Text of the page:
Tuskegee Airmen National Museum’s North American T-6G

Tuskegee Airmen National Museum’s North American T-6G

US Specialty Insurance Company

North American T-6G 49-3292
Manufactured at the North American Aviation Factory in Dallas, TX, as AT-6C s/n 42-48884, this advanced trainer was received by the Army Air Forces on March 27, 1943. From then until November 1945 it was assigned to the 2143rd AAF Base Unit at Tuskegee, AL.
Tuskegee Army Air Field was the site of the first pilot training facility for African-Americans in the then-segregated United States military. The first cadet class (42-C), began training there in July 1941. By the end of 1946, nine hundred and thirty-two pilots had been graduated. Three hundred and fifty-five of these pilots served overseas in the 99th Fighter Squadron and later the 332nd Fighter Group. Of those, 81 were killed in combat and 31 others were taken as prisoners of war. Aircraft flown by these outstanding warriors were the Curtiss P-40 Warhawk, the Bell P-39 Airacobra, the Republic P-47 Thunderbolt, and ultimately, the North American P-51 Mustang. The 99th FS received two Presidential Unit Citations and the 332nd FG received another for a March 24, 1945 mission to Berlin that resulted in the destruction of three Me-262 jet fighters and the damaging of five more.
January 1951 this aircraft was returned to North American Aviation for re-manufacture. It emerged in April with its new identity as T-6G s/n 49-3292 one of 1,802 AT-6 aircraft modified under a 1949 USAF modernization program. Modifications included a raised instructor’s seat, new cockpit layouts, increased fuel capacity, square tipped propellers, and new landing gear and tail wheel. The aircraft’s tail was not painted red at the request of the Tuskegee Airmen, the only aircraft with the red tail was the P-51.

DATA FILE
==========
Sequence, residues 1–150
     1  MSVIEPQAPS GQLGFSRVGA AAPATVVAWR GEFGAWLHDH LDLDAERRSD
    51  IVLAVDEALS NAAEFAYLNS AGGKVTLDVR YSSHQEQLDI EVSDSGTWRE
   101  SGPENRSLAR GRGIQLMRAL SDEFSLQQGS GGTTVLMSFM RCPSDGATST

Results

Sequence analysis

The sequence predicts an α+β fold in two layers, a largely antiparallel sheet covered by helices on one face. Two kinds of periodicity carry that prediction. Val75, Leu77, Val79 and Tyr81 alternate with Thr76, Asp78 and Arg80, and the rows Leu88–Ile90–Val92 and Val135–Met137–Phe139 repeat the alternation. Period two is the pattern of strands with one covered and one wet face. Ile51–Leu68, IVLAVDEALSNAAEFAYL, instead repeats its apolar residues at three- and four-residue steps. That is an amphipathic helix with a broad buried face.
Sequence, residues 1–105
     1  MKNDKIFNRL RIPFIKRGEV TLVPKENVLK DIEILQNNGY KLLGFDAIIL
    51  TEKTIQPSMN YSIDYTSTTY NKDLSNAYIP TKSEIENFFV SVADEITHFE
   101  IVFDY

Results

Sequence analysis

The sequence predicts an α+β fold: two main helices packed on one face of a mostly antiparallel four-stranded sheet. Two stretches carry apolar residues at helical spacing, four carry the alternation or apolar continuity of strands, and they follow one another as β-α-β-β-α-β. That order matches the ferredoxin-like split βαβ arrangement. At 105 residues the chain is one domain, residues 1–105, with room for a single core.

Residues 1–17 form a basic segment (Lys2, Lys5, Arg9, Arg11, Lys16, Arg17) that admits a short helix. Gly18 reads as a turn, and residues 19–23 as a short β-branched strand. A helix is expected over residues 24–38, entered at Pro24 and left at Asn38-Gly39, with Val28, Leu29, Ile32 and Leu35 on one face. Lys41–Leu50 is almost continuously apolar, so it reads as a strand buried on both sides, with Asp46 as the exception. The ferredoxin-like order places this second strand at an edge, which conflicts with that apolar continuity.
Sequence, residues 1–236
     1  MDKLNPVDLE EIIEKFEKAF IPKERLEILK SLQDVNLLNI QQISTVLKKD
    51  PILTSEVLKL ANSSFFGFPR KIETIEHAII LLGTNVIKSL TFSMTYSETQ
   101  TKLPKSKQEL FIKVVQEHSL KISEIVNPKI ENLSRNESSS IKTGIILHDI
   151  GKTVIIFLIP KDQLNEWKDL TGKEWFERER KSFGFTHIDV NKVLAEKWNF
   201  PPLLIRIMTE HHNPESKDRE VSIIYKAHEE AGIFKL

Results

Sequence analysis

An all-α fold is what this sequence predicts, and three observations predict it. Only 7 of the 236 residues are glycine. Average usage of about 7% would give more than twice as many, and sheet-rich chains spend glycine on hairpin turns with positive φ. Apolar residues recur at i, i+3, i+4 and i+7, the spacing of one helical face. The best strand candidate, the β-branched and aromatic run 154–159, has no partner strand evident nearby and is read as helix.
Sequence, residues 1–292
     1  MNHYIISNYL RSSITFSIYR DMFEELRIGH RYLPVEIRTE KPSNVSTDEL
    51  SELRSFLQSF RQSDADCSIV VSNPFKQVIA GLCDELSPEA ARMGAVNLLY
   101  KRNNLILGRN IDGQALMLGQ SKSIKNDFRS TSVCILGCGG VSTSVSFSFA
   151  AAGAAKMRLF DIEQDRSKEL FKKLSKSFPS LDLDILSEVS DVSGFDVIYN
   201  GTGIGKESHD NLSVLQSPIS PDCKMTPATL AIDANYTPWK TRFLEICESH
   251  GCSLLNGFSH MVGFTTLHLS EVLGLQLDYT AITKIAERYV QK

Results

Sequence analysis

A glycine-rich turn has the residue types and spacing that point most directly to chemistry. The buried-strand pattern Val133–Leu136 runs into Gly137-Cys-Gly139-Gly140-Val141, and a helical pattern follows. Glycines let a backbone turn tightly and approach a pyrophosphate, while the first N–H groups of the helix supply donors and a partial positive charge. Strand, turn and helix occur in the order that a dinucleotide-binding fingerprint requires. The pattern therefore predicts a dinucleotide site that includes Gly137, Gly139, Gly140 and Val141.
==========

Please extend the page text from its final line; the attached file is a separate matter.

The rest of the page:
The Tuskegee Airmen National Museum currently owns this aircraft whose tail number is N747JE. This tail number honors the late James Edwards who was taught to fly by Richard Macon an original Tuskegee Airmen. James was on of America’s first African American airline pilots who worked hard to keep the history of the Tuskegee Airmen alive and accurate.



Registration Number Date of Manufacture
N747JE 1943
Aircraft Role Nickname
Trainer “Pilot Maker”
Aircraft Type: Wingspan:
North American AT-6/SNJ/ Harvard 42 feet .25 inches
Overall length: Empty weight:
29 feet 6 inches 4158 pounds
Gross weight: Fuel capacity:
5300 pounds 140 gallons/ 550 miles
Oil capacity Engine type:
13 Gal. Single 600 hp Pratt & Whitney R1340 AN-1 radial piston engine
Propeller type: Max Speed
Hamilton Standard 12D40 205 mph
Rate of Climb Cruise Speed
155 mph
Service Ceiling Number of Crew
21,500 feet Two
Armament Bomb Load
None None
Number Built Number Surviving
13000 800+



Tuskegee Airmen National Museum's North American T-6G (Piloted by Brian R. Smith) On Warbird Alley Airventure 2011 My favorite and second favorite ladies


The last major restoration of this aircraft was in 1990. It is currently under going a continuous restoration to keep it in beautiful flying condition.

Restoration Images

Major annual maintenance at Stallion 51 Maintenance Hanger 2012 Annual is complete Lets Go Fly It



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